I am extremely excited to share with you that I will attending Prestige Conference this weekend, remotely. While I want 2015 to be the year that I venture to a few more WordPress conferences and events, I have just begun to make arrangements both financially and schedule-wise. So I was delighted to hear (albeit at the last minute, how did I miss it earlier?) that Prestige Conference would be offering a live streaming option.
The amount of business knowledge that is going to be present and taught at this conference is awesome! Speakers include:
- April Downing
- Ben Fox
- Brad Williams
- John Eckman
- Brianna Norcross
- Carl Hancock
- Pippin Williamson
- Kim Schaefer
- John Hawkins
- Andrew Norcross
- Jake Goldman
- Chris Lema
- Cory Miller
- Josh Broton
That is a great list that is filled with very smart, very dedicated members of the WordPress community. I am extremely excited to learn from them and to apply the concepts that they teach to my own development and business.
There are still live stream tickets available for $69.00 at http://prestigeconf.com/tickets/.
WordPress has a plugin problem.
Now I know that there are plugins for this and for that. In fact, there are very few things that there aren’t multiple (if not hundreds) of plugins for. They are constantly being released. In fact, it seems that the plugin review team for wordpress.org always needs volunteers (I do understand that this is true of all volunteer teams)! Continue reading WordPress Has A Plugin Problem
Truly investing in a church website and their online strategy is work.
Our team had invested heavily in this small church’s website. From architecture to strategy to development and design. We had given it our all. They had a solid foundation and gameplan for content and social strategy for at least six months. Unfortunately, they didn’t want to hire us to continue to walk beside them in executing content. Continue reading Considerations Before Starting a Church Website
While February is not quite over yet, I believe now is a good time to look back and take stock of the past two months.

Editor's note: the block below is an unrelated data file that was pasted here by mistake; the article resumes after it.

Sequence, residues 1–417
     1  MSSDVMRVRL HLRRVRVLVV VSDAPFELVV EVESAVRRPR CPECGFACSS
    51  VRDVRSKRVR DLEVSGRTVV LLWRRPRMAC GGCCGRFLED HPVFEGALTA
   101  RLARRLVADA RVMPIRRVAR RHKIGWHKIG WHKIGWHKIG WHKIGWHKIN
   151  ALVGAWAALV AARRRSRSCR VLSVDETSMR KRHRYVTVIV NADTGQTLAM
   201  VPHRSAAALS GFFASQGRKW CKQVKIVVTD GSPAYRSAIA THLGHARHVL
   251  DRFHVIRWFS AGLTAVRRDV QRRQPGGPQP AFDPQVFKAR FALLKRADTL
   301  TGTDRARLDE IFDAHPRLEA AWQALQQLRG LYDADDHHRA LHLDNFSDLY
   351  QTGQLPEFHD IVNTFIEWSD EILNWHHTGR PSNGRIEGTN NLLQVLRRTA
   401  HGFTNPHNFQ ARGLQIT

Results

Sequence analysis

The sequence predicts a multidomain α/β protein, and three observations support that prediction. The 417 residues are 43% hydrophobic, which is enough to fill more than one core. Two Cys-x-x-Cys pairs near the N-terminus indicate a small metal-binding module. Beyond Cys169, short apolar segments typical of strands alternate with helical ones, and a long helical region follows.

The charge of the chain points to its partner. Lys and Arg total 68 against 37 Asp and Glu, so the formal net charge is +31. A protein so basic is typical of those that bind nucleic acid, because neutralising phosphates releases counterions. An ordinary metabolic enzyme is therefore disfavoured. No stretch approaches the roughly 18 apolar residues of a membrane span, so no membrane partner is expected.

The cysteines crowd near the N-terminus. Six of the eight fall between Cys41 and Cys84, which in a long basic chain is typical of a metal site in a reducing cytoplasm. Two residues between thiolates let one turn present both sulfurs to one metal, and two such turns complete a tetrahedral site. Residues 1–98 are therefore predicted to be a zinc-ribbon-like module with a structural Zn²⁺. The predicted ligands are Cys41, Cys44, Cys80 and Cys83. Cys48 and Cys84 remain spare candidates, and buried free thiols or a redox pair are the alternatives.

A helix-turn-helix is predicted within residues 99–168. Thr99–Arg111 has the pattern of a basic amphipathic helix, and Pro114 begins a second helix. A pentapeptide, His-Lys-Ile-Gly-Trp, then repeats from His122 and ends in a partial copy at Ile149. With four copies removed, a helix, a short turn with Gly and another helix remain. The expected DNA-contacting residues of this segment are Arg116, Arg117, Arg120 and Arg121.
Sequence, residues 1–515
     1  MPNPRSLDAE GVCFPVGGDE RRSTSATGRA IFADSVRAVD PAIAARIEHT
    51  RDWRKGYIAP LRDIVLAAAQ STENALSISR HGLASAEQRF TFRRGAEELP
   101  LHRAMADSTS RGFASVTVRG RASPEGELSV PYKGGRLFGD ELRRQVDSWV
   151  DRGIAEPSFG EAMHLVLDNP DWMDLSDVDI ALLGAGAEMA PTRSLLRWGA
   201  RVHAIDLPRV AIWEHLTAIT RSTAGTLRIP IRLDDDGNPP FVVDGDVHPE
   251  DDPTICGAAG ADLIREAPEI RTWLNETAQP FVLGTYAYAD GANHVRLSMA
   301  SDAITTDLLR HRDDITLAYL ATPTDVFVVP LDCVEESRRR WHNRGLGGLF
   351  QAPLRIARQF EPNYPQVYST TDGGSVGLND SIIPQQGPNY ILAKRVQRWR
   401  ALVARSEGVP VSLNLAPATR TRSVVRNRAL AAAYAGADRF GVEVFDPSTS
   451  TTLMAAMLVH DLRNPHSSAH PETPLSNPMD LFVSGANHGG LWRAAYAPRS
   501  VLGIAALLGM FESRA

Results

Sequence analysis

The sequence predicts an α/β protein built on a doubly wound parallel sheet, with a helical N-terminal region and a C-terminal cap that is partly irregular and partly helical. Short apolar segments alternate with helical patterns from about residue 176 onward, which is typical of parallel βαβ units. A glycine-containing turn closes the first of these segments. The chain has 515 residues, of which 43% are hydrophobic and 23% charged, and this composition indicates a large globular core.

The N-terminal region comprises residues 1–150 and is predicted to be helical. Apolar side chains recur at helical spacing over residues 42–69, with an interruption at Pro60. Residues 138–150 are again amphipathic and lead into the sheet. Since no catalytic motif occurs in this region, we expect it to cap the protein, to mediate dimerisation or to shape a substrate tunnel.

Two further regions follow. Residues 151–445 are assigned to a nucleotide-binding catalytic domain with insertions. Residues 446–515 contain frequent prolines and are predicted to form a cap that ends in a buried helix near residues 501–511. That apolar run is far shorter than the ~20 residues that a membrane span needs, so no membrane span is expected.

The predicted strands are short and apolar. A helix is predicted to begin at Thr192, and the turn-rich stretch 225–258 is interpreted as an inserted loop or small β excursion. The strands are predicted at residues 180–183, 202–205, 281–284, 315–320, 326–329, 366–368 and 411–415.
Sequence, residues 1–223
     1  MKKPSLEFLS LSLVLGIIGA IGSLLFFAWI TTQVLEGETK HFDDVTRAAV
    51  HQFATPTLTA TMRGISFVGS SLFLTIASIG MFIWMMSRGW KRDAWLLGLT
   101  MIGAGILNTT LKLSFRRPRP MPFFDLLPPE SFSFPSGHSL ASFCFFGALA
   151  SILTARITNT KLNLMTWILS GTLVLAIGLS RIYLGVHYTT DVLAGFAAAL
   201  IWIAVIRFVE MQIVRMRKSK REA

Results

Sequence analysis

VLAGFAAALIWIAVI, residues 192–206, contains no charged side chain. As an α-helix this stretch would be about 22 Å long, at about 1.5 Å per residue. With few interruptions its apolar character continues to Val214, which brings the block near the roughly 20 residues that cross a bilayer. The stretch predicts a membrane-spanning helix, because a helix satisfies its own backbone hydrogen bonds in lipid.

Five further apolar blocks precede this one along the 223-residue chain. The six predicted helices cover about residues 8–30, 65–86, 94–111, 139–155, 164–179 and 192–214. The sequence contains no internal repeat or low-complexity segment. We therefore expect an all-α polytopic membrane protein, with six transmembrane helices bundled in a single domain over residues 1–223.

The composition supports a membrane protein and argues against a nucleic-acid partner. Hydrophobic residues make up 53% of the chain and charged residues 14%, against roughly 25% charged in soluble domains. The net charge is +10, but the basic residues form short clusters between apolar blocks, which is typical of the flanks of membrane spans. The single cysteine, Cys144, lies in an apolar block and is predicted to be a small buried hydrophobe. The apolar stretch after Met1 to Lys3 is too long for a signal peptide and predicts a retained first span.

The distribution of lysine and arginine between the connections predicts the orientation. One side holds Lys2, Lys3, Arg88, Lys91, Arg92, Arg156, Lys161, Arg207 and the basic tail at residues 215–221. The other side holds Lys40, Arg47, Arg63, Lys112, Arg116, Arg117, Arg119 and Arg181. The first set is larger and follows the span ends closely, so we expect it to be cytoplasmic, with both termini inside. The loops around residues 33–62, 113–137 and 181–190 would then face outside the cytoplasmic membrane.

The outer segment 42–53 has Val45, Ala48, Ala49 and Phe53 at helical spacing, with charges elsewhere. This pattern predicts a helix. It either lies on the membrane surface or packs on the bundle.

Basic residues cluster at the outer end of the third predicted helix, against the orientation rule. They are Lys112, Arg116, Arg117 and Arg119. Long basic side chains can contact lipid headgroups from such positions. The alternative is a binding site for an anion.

It’s been a busy two months outside of my daily blogging. I’ve helped pitch a major client, released version 1.0 of an internal framework, and started several new client projects at work. Personally, I’ve announced a new side project, spent a lot more time with my family (on purpose) and tried to keep up with my two young kids.
But in spite of all that, I’ve been fairly consistent in blogging. In the month of February, I’ve only missed 3 days of blogging during the work week. In fact, it has been one day each week so far. While I need to finish the remainder of the week in order to finish the month, I’m on track to beat January’s five missed days by a good margin.
Blogging takes discipline and a plan
There is no magic trick that has kept me blogging this long, nor do I have superhuman will power. I have simply made the decision that I am going to blog this year and created a plan to get me there. As I’ve said before, I write mostly in the mornings before work. I wake up early, get to work early and give myself time to write both on this blog and another personal blog that I keep.
The mornings where I miss blogging are mostly due to emergencies cropping up when I arrive at work or not going into work that day. It happens. But I don’t let it affect how the rest of my weekly writing will go. I’ve tried to think about it from a much longer view. Sure, I missed a day, but missing anymore will cause my discipline to falter and hurt me long-term.
P.S. I had my most successful post ever the other day with more than 200 people visiting a single post in a single day. Pretty exciting for me. A big thanks to guys like Chris Lema for retweeting and Chris Wiegman who retweets my stuff constantly. You guys are awesome.
What about you? How are you doing on writing this year? How about on your other goals? Any of them still going?
The above featured image is due, in large part, to this is how all Texans are acting like it looks like outside. We did get about an inch of sleet. But I’m wrapped up inside working from home today, so I digress.